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Bisexual no longer dirty word on Google

Internet search engine giant removes 'bisexual' from list of banned words after pressure from US groups
Internet search engine giant removes 'bisexual' from list of banned words after pressure from US groups

Search engine Google has removed 'bisexual' from its list of words it previously only associated with pornography.

The decision was made after pressure from bisexual community and campaign groups whose rankings on the website fell as a result of being blacklisted by the internet giant's Auto Complete and Instant Search functions.

'It’s not every day one of the biggest companies in the world changes its mind, but we are thankful that Google now sees bisexual people just like everyone else,' said Faith Cheltenham, president of the BiNet USA organization.

'It will take time for bisexual search terms to be ranked as they were before the ban, but now bisexual people and their allies have a fighting chance to be seen, heard and understood.'

Now that 'bisexual' is allowed by Google's search engine algorithm, terms such as 'bisexual quotes', 'bisexual rights' and 'bisexual parenting' are automatically suggested to users.

However, the lifting of the ban appears to only apply to users in the USA.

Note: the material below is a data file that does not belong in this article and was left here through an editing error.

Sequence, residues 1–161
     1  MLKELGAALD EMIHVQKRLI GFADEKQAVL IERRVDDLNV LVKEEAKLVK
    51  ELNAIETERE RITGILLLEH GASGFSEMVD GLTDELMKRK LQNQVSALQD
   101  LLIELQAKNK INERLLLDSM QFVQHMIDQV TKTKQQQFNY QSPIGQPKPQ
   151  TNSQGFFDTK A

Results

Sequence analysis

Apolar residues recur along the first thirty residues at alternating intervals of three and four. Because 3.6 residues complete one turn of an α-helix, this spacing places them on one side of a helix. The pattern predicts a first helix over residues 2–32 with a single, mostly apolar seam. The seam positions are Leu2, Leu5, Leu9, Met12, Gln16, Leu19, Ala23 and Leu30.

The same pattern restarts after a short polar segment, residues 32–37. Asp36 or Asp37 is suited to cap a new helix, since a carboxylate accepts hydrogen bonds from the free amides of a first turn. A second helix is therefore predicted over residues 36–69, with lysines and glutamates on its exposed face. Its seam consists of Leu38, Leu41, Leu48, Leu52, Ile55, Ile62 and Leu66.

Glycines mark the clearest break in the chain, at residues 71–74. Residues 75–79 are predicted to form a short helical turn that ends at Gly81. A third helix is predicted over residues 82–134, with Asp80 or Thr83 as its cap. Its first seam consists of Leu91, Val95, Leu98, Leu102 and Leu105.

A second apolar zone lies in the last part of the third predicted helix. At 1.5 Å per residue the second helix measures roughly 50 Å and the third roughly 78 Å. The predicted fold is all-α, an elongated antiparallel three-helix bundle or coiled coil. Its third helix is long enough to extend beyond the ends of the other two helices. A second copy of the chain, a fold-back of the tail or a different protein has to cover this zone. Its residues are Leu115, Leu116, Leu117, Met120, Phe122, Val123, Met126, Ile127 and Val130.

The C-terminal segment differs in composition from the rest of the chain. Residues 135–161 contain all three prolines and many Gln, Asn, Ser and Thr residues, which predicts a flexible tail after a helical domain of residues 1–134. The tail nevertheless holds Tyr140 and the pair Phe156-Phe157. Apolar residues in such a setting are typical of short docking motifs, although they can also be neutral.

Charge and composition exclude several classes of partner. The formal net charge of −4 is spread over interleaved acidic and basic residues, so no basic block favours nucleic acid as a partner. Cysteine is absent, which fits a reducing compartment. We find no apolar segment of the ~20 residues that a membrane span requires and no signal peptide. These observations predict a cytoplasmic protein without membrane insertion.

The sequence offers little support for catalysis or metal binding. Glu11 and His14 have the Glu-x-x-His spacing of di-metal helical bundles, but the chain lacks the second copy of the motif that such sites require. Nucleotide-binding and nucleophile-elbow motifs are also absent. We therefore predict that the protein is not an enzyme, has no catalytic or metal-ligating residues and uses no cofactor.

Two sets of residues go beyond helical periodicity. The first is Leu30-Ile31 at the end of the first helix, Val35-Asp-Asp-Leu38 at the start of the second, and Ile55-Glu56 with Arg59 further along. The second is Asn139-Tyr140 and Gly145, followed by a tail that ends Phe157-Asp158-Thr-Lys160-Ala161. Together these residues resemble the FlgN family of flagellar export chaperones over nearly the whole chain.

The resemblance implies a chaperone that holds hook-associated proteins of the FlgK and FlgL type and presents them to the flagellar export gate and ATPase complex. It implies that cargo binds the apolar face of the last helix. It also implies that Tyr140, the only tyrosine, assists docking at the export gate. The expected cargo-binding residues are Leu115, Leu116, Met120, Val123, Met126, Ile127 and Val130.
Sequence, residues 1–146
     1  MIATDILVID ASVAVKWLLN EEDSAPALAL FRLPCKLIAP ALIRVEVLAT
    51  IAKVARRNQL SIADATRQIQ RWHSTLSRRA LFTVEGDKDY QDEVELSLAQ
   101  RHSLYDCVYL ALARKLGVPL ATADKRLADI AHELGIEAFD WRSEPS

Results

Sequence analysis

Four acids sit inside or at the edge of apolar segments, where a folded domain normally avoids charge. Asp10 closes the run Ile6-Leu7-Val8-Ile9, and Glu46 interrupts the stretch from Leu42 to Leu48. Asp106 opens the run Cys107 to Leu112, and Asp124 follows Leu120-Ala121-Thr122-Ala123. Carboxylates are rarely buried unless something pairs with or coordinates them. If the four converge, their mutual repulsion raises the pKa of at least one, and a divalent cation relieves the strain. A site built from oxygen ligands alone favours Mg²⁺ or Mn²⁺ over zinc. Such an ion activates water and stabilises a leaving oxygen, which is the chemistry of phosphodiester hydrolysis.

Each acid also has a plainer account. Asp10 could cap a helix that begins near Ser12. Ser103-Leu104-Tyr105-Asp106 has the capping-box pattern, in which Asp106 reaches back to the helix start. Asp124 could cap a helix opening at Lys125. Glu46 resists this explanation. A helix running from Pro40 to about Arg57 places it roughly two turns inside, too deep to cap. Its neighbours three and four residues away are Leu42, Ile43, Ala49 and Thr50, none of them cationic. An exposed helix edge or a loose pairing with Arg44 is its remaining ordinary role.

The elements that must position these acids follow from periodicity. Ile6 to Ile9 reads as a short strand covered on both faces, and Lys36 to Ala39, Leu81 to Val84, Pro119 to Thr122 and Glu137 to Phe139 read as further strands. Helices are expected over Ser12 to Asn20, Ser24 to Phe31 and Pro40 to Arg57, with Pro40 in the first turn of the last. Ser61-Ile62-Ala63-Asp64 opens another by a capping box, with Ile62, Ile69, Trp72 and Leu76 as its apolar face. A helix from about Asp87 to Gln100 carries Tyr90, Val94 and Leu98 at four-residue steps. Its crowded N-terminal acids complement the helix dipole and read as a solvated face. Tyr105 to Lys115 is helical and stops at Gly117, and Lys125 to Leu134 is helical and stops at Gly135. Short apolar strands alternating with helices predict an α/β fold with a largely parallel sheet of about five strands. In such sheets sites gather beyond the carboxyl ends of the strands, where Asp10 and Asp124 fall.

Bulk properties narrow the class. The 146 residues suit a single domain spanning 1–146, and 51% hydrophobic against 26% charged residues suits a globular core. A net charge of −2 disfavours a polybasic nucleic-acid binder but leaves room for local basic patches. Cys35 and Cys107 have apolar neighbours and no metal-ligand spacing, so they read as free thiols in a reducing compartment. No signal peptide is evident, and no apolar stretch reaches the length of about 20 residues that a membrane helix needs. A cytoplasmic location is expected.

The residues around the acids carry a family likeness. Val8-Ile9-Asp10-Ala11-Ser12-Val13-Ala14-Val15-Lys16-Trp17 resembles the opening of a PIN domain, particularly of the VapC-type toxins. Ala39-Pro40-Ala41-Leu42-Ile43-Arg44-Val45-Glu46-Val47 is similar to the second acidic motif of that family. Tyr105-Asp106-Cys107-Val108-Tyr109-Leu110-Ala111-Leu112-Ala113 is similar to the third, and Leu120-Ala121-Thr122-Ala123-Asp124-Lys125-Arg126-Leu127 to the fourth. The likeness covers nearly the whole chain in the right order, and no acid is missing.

When Google Instant was first launched, online gay lifestyle magazine Queerty accused the search engine of censorship over also blocking the word 'lesbian'.

'By narrowly restricting their search results to avoid porn, Google Instant has perhaps deprived young lesbians who could benefit from learning about lesbian art or lesbian rights if they only knew to keep typing,' wrote Daniel Villarreal.

'Google Instant would do better to combine their current Safe Search filters with Google Instant to offer more robust search results that challenge and educate their users rather than censor them before they’re finished typing.'

Google has been a supporter of gay rights, launching a campaign in July calling on countries to ‘Legalize Love’ – making it legal to be lesbian, gay or bisexual around the world.

It also supported Singapore's LGBT festival, Pink Dot, in June.

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